To open new account, need PAN card etc and that takes anywhere from 2-6 weeks.
    Only few RBI offices , so expect long lines and inefficiency
    At the end of the day, would get peanuts in return for money deposited(considering at least 5-6 times the money spent on travel,stay , meals etc) not counting leave taken from work

    Allow local indian consulates to accept old notes upto 25000 after confirming identity etc and give new notes (or a check which could be exchanged at local foreign currency offices),The sack of old notes may then be sent to RBI in India
    Allow local indian banks to do the same
    Please do not require deposit in NRO account as precondition because many of us NRIs do not have any such account and do not intend to open one

  2. Though Rs. 25000 Max has been mentioned in the RBI notification itself, it is explained that the admissability of amount is limited by what AMOUNT were TAKEN OUT as per existing FEMA rules.
    So even though technically one NRI is permitted to take in 25000 by customs ar airport, when it is presented to RBI, it can say that the person who resides in USA came and returned last time in 2013
    and then only 10,000 was permitted to be taken out by one person, and in the absence of any rule that even the joint account holder can not bring in his wife.s money brought in 2015 from India,
    but, only 1000 would be credited to NRO and balance put in Garbage bin!!
    The question is why all this rules simply complicating and making people who are honest to tell lies just to put in account your hard earned money legally held by you? Special counters for senior citizens has been offerred and instructions not to harass them once the people are with in RBI, but what about harassing them outside?(merely one counter with 3-4 chairs with a board SENIOR CITIZENs/NRIs!
    will not serve the real purpose if intention is honest!

    I think, indian administration takes everybody as thieves asking everybody to prove that he is honest in every such silly things.This is apolitical,and is in the Indian blood due to our past history!
    Who will pay USD 1000 plus just for tickets to India from Americas and spend on other personal expenses which becomes un avoidable due to a trip and convert USD 350 to avoid illegality of holding in another country?????

  3. Could the editor confirm if foreign citizens holding OCI (Overseas Citizen of India) cards be considered as NRI’S.

    Can husband and wife take Rupees 50,00.00 to India and deposit it in their NRO joint account?
    THE last visit to India being 2014 and 2015 ( Jointly on one occasion and only spouse on one occasion)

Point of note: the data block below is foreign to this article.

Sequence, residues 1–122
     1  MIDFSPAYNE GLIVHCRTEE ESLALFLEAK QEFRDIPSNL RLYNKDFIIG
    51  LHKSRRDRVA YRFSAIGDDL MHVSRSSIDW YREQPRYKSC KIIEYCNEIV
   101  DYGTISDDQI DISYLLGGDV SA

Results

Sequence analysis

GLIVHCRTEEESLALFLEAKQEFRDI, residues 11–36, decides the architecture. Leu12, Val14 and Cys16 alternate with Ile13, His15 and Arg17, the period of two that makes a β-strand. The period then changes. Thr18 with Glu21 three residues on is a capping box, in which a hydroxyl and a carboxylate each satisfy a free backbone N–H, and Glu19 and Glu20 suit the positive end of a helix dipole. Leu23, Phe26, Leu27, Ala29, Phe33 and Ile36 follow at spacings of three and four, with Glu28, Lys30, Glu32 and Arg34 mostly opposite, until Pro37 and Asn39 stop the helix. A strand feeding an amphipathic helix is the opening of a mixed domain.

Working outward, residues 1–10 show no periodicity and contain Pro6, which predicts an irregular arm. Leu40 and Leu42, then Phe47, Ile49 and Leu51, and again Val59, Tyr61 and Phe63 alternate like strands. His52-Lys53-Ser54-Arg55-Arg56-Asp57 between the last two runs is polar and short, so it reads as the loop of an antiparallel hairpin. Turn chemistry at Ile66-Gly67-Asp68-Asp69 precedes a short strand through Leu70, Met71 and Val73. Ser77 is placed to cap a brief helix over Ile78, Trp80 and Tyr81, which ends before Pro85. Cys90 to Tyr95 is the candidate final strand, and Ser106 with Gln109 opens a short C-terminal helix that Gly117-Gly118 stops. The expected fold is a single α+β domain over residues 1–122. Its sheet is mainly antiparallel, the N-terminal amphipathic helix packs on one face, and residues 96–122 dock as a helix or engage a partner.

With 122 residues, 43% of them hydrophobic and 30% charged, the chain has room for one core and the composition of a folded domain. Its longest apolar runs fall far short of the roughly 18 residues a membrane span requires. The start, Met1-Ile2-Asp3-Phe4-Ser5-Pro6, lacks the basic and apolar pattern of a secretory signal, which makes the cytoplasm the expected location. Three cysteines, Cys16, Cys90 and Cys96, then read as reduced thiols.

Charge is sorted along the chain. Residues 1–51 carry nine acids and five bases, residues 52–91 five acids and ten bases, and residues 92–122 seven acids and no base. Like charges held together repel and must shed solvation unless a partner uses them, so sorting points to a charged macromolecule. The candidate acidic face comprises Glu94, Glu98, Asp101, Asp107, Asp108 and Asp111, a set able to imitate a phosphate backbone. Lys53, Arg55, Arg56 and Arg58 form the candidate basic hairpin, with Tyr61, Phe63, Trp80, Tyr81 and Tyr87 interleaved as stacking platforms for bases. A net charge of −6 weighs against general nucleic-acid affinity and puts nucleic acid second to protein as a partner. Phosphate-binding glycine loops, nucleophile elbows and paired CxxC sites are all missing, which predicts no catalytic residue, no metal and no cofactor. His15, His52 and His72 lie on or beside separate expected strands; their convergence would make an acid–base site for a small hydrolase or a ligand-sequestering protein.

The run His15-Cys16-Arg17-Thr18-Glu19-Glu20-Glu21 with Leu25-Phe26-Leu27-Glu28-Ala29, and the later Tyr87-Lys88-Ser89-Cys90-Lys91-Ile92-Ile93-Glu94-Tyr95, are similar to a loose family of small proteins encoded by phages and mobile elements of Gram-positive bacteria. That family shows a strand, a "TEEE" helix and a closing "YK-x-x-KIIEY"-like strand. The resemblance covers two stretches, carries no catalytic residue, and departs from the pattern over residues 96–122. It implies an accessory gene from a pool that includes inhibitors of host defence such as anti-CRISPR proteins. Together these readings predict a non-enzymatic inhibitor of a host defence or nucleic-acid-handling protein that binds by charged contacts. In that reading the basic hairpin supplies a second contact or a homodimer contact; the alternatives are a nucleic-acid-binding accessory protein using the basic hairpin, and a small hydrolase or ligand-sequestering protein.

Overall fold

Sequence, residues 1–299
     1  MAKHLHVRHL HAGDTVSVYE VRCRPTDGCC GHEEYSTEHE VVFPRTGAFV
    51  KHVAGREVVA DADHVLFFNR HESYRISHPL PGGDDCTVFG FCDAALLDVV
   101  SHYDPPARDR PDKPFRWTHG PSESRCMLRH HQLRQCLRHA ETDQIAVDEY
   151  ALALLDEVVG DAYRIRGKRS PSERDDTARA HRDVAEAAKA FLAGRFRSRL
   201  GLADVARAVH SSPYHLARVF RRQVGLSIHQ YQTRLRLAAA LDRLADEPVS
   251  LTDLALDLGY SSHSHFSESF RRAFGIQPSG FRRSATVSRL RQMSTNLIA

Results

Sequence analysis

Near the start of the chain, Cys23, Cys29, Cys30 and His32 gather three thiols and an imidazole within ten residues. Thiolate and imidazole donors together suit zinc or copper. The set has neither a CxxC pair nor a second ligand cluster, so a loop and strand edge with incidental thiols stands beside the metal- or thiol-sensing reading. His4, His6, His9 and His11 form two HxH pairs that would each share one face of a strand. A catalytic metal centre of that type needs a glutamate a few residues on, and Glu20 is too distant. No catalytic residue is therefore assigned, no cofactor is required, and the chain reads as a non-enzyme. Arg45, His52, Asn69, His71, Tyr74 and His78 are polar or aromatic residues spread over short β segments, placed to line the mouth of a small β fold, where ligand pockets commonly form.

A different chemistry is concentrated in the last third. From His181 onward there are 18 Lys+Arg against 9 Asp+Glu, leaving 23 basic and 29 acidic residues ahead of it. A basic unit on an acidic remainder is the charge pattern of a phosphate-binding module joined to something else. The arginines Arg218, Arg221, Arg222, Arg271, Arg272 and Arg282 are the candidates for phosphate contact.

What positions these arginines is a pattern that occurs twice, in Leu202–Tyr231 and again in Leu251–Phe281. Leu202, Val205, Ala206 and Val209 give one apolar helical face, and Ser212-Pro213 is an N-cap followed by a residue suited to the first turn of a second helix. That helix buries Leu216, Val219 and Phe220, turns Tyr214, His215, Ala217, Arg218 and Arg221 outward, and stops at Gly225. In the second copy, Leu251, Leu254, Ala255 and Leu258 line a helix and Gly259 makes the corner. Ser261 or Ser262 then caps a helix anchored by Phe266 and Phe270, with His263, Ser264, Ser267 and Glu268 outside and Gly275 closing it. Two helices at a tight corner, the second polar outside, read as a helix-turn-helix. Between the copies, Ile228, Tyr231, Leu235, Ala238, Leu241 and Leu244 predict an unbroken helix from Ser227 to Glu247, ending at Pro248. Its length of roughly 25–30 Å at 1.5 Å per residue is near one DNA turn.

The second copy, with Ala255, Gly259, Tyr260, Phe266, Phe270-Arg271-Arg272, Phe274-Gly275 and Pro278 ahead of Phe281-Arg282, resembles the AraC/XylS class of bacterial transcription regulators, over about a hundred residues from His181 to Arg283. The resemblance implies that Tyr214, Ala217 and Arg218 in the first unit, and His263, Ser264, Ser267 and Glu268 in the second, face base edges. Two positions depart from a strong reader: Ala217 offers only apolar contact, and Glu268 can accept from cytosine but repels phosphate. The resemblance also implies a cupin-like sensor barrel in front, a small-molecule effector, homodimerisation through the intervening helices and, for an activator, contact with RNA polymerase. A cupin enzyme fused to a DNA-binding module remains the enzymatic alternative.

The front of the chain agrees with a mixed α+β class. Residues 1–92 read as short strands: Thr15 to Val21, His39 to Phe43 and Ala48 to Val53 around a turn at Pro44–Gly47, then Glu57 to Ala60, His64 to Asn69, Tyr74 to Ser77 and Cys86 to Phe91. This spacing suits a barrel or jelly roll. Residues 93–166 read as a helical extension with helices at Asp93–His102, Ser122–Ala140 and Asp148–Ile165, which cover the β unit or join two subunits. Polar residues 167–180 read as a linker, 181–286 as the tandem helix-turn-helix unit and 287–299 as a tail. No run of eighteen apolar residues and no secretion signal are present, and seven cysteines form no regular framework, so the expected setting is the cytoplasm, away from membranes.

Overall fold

Can an Indian holding a foreign passport and not having a OCI card or NRO account in India take money back to India and exchange the same at RBI?

  4. Also note the latest update to the FAQs on the RBI website that says that it is not available for OCI/PIO:
    6. Is the facility available to Overseas Citizens of India (OCI)/Persons of Indian Origin (PIO)?
    No, the facility is not available to OCIs/PIOs.

  5. Dear Raj, As per RBI website, this facility is not available for PIO and OCI. Only Indian passport holders can avail this.

  6. Many NRIs who were actually OCI, but having NRO accounts in India who visited from Nov 10th and returned after X-Mas and New year have credited their holdings of Old Notes in India in their accounts. I think like how salaried class is taught Income tax act by
    applying every complication on one side and make business class andAgricultural class
    let free,now that the Govt of India is flush with Funds forgot NRI contribution when
    the govt.Did not have Foreign exchange for one weeks consumption in 1990s!
    Let the OCI treat what ever Indian Rupees they had as COLLECTABLES from a foregone era!!

  7. The option the government/RBI has given to NRIs for exchanging/depositing old currency is virtually impossible to make use of for most NRIs. What a slap on NRIs who hold legitimate Indian old currency.

  8. If the objective of demonetization exercise is, according to Indian Ministry of Finance, to curb the terrorist activities, suppress of black money and get rid of counterfeit Indian currency notes. Then, what gain is there to penalize the Overseas Citizen of India? (OCIs)

    The OCIs travel to India after exchanging their hard earned cash for Indian Rupee so that they can spend their time with their parents and other relatives. They also purchase Indian products and also pay for various services in India. Whatever the balance of the Indian currency, they usually take with them, with the hope of using them in their next visit to India.

    This is where the Ministry of Finance is being quite unfair, as they are allowing NRIs who are Citizen of India the privilege to Deposit the old currency and not for OCIs.

    The statistic that finally will indicate the total value of the old currency that has been deposited to the bank will not be accurate, as there would be quite a large sum in the hands of the OCIs that are actually, that are genuine Rupees (not held by terrorist, nor is it black money or counterfeit).

    Only problem is that Overseas Citizen of India are not allowed to deposit or exchange them.

    Can someone find out why they are doing this?

  9. When somebody says large sums of money is struck with NRIs and OCis it does not mean that individuals have large stock of such cash.The sheer number of NRIs and OCIs abroad are more than the population of a Medium Indian state.Of course some business establishments(legal and not official may have accumulated such cash,say Money changers,Jwellers, but that is Business risk.But the OCIs were permitted to carry notes out officially (unlike many communist countries where even taking their coin outside their country as a memento/ sovenner is not allowed),with even an enhancement of such limts from June 2014/Dec 2015! Now branding their cash ineligible actually confuses them,one even emotionally as they are branded holding some contraband in Indian customs,making them enter RED CHANNEL first! Second even if the money value is something BEARABLE TO MANY OCIs,
    what to do with such notes,just to burn them like Govt.burning contraband like ivory?
    The effect of this let down is far reaching, especially for the young generation.The much publicised
    long tern vision of TOTAL CONVERTIBILITY of INDIAN RUPEE will be having no takers from abroad,OCI or Foreign citizens totally! Similar is the benefits of taking OCI by spending on the procedure, instead of going for a long term visa from embassy! Third area is the issue of Dual citizenship! All these will lose its emotional value by this token loss of just a few thousands of Re notes now held by many educated promising OCIs, whose deposits in NRO and NRE/FCNR are welcome to India but ehy are made to run away from taking even 25000 Rupees during their next exit from India!!